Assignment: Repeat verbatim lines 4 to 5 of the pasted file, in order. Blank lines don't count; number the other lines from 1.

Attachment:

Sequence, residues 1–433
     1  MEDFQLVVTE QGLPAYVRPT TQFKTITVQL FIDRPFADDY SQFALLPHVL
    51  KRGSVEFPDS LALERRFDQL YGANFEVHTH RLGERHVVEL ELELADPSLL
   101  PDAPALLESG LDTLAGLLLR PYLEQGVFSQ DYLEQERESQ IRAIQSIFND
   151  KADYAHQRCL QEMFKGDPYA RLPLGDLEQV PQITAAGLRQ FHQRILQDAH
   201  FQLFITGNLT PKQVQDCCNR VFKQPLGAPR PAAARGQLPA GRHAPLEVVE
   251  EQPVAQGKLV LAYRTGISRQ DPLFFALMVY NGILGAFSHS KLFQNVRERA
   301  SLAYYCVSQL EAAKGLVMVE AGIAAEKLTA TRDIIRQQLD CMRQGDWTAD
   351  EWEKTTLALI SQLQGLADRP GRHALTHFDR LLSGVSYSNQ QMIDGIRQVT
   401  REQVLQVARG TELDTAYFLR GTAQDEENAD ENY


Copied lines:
   101  PDAPALLESG LDTLAGLLLR PYLEQGVFSQ DYLEQERESQ IRAIQSIFND
   151  KADYAHQRCL QEMFKGDPYA RLPLGDLEQV PQITAAGLRQ FHQRILQDAH